Downstate hosts Black HIV/AIDS Awareness Day panel Feb. 8
Join the School of Public Health Monday, February 8, 2016 at noon in Lecture Hall 6 (sixth floor) for a panel discussion on Black HIV/AIDS Awareness Day.
“This Awareness Day activity is very important — to remind the community that HIV is still a serious threat, especially to the black community,” said M. Monica Sweeney, MD, MPH, FACP. “In spite of all of the smiling faces on TV advertising medications to treat HIV, we need to focus on all aspects of prevention. We have come a long way in 35 years but still have a very long way to go when blacks/African Americans are still almost twice as likely to die from HIV/AIDS as a white with HIV/AIDS. We each have a part to play in stopping the epidemic.”
Updated 2/10: Watch the Downstate NBHAAD panel on YouTube, provided by SUNY Downstate Biomedical Communications.
Of the 55% of black Americans with HIV to receive medical care in 2011, only 35% continued receiving medical care through 2013, according to a study released this week by the Center for Disease Control. At the same time, 45% of new HIV infection diagnoses in 2013 occurred in non-Hispanic blacks/African Americans, who represent only 12% of the US population.
In Brooklyn, 29,000 residents were living with HIV/AIDS in 2014, according to the Downstate HIV Center for Women and Children. The borough saw the highest number of new cases (29.3%) in New York City, and is home to the largest number of those diagnosed with both HIV and AIDS.
High % of diagnoses of HIV & AIDS at same time = need for testing -M Monica Sweeney MD #NBHAAD — Downstate Alumni (@SUNYCOMAlumni) February 8, 2016
Bisrat K. Abraham, MD, MPH is an infectious disease physician who recently joined BHIV as Director of Clinical Operations and Provider Communication. She completed her MD/MPH training at Emory University and her internal medicine residency at the Johns Hopkins Hospital. After residency, she joined the CDC’s Epidemic Intelligence Service program as a “disease detective” within the Division of Tuberculosis Elimination. She subsequently moved to NYC in order to complete her ID fellowship at Cornell after which she stayed on as faculty at Cornell conducting research in health disparities with a focus on HIV-related treatment outcomes.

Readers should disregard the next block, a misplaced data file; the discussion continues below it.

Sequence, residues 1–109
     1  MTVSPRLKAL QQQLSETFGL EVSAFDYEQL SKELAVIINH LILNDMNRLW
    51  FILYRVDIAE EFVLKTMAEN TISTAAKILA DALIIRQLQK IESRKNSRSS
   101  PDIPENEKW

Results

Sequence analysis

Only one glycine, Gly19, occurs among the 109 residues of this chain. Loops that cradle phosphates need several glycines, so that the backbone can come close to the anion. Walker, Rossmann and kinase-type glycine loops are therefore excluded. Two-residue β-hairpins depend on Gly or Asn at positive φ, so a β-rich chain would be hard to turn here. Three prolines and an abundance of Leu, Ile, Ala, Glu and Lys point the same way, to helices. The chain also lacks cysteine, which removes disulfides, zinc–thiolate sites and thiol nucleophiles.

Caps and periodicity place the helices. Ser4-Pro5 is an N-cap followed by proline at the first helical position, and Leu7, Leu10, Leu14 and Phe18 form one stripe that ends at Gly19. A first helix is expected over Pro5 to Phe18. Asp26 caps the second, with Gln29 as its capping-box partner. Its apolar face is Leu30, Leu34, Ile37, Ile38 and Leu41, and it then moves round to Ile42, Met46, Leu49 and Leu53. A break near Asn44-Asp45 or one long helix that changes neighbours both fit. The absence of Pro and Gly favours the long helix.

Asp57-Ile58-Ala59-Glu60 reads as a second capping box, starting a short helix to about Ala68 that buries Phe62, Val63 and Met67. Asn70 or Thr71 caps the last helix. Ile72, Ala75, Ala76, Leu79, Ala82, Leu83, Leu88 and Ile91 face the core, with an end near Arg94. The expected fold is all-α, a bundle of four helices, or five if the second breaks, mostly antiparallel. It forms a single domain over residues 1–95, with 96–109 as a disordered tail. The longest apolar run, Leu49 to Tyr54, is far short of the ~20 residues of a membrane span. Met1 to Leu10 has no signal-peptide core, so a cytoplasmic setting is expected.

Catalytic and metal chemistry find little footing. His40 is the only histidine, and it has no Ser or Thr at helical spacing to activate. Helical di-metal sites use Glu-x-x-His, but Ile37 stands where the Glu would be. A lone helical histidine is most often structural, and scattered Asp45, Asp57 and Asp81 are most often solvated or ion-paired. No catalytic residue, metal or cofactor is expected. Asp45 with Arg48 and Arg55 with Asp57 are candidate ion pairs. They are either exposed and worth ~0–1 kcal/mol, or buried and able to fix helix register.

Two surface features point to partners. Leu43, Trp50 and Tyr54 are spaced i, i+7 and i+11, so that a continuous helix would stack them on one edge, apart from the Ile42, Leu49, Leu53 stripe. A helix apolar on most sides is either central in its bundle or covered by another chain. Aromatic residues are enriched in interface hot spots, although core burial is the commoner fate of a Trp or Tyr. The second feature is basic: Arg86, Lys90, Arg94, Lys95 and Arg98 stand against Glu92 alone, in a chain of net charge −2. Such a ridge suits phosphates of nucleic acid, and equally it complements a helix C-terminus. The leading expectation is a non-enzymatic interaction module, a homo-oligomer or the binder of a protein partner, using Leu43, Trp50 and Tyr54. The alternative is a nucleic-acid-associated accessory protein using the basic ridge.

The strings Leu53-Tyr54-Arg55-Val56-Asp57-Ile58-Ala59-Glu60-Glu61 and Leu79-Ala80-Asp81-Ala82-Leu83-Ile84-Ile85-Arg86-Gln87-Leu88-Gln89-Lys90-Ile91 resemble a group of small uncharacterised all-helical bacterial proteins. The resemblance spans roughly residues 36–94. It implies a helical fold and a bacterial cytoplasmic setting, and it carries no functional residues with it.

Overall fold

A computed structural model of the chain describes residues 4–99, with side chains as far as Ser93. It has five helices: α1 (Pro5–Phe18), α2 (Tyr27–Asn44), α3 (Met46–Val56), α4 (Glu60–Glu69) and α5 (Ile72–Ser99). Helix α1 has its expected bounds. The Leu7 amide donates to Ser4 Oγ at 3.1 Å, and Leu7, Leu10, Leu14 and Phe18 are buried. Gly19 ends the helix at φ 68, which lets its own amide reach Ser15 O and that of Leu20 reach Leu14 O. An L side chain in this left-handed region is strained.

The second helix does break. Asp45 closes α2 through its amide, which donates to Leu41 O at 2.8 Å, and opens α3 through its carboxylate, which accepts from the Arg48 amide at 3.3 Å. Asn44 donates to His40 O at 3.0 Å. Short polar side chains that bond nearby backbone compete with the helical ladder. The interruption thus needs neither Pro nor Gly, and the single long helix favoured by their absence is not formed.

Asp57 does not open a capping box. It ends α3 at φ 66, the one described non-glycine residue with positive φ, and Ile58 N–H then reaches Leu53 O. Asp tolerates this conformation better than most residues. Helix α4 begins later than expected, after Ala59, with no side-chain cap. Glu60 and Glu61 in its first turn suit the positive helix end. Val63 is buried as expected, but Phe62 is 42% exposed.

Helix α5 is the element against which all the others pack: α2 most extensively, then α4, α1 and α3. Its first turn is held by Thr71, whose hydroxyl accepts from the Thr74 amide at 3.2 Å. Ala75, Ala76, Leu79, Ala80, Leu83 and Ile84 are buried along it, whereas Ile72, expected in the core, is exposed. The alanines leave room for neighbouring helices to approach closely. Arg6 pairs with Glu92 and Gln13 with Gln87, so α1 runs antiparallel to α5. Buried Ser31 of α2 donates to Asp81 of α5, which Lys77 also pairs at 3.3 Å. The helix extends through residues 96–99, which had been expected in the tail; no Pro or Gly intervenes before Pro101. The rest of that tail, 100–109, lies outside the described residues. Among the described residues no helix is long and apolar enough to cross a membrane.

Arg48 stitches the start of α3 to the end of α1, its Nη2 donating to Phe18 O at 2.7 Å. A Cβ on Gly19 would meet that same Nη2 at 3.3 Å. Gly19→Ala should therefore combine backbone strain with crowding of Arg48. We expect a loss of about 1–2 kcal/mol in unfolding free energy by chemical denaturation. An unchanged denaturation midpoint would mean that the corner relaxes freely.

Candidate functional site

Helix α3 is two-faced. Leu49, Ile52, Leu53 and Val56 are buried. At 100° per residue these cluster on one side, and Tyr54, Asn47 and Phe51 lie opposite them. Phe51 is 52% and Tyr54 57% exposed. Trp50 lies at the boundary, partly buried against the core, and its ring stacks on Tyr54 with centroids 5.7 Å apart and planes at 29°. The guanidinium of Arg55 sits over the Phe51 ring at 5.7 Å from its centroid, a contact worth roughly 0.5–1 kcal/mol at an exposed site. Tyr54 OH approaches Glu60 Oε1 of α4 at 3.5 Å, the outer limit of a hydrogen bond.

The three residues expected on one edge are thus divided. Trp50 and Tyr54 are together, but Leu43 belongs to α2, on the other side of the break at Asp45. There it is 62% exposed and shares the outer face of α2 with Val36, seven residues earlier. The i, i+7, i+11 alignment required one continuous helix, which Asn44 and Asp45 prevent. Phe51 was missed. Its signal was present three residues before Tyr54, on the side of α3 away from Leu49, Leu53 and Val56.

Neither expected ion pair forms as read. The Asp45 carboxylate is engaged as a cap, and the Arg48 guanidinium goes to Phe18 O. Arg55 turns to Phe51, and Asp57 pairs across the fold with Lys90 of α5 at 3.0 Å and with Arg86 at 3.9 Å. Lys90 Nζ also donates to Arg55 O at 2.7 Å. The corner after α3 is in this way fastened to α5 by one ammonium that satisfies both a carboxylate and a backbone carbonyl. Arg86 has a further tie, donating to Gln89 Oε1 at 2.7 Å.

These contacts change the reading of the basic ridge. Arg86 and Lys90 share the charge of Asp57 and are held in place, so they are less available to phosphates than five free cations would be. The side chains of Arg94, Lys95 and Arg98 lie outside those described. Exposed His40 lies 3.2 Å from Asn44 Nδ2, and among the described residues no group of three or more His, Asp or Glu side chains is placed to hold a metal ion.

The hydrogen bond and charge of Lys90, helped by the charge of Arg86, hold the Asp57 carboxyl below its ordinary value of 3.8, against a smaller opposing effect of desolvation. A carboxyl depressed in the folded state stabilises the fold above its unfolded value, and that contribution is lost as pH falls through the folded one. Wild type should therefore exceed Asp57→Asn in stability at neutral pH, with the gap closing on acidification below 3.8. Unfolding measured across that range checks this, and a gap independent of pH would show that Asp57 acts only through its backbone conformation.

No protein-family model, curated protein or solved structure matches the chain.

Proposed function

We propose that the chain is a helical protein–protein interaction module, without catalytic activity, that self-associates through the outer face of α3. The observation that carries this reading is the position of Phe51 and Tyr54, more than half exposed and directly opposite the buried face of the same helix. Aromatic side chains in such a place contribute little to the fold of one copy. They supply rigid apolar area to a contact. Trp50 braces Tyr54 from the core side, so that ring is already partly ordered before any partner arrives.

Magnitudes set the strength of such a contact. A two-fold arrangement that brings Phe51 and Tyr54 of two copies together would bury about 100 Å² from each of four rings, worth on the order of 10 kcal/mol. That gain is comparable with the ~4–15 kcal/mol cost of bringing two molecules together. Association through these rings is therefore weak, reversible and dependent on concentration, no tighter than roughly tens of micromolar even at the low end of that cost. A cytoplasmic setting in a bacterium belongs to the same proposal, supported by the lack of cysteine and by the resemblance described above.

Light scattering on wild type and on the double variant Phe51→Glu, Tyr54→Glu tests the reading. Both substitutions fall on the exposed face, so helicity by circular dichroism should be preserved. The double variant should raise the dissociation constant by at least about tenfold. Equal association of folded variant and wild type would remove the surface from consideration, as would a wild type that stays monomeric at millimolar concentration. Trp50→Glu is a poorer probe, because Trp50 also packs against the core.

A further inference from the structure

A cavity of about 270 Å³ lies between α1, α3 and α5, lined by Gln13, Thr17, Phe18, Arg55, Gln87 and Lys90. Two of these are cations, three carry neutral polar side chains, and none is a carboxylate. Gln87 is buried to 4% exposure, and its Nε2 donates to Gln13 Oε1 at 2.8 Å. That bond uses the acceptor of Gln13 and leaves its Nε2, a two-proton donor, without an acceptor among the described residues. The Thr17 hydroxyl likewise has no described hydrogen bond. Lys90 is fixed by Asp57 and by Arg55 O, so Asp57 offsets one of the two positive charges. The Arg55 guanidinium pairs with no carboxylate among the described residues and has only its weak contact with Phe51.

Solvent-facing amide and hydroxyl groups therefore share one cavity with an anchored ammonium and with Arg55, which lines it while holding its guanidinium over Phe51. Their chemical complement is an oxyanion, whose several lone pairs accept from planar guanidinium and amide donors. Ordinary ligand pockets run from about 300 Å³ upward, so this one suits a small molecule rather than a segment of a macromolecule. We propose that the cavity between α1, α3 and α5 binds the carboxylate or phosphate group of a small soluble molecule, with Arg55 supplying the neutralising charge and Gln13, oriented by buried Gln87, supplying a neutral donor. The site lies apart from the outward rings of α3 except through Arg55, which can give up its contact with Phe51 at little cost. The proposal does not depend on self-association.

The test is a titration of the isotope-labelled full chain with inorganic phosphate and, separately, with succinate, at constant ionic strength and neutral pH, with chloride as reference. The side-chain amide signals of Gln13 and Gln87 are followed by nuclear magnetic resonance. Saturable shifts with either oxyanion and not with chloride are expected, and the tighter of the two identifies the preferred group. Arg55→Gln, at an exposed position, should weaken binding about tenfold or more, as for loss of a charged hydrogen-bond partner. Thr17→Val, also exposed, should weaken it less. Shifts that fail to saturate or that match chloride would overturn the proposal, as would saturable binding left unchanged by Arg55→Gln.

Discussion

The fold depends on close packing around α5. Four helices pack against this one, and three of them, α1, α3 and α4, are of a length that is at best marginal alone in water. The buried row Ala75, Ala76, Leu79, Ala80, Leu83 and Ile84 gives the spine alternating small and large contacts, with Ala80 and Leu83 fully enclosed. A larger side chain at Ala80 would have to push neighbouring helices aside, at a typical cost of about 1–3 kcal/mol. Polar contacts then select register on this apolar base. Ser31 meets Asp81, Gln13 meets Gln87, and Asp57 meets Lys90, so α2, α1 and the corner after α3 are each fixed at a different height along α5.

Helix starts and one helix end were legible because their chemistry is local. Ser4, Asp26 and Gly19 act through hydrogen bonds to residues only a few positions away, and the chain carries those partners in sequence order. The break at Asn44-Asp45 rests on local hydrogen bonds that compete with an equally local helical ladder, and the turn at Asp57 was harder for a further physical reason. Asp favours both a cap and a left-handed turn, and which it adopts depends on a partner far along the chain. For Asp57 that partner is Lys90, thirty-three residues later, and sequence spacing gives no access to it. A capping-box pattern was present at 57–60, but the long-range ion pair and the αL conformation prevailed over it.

Mental illness, substance abuse, unstable housing major factors in #AIDS fight -Bisrat Abraham MD#publichealth #nbhaad — Downstate Alumni (@SUNYCOMAlumni) February 8, 2016
Luis Freddy Molano, MD joined the Community Healthcare Network in 1989 and currently serves as Vice President of Infectious Diseases and Lesbian, Gay, Bi-Sexual, Transgender, Questioning (LGBTQ) Programs. Dr. Molano is a respected voice on HIV issues, presenting at conferences including the US Conference on AIDS, Office of Population Affairs as well as state and city forums. He has also written and published in medical journals like the American Journal of Preventive Medicine and The W-Path (Transgender Health Forum) among others. In addition, he is on the board of the Family Planning Advocates of New York State; a trustee of the National Association of People with AIDS (NAPWA); sits on the New York City HIV Planning Council – Needs Assessment Committee and has served on the NYS Prevention Planning Group and the NYS AIDS Services Delivery Consortium and is a former member of the International AIDS Society.
Doctors must talk to patients about sexual history & practices -Luis Freddy Molano #nbhaad #AIDS — Downstate Alumni (@SUNYCOMAlumni) February 8, 2016
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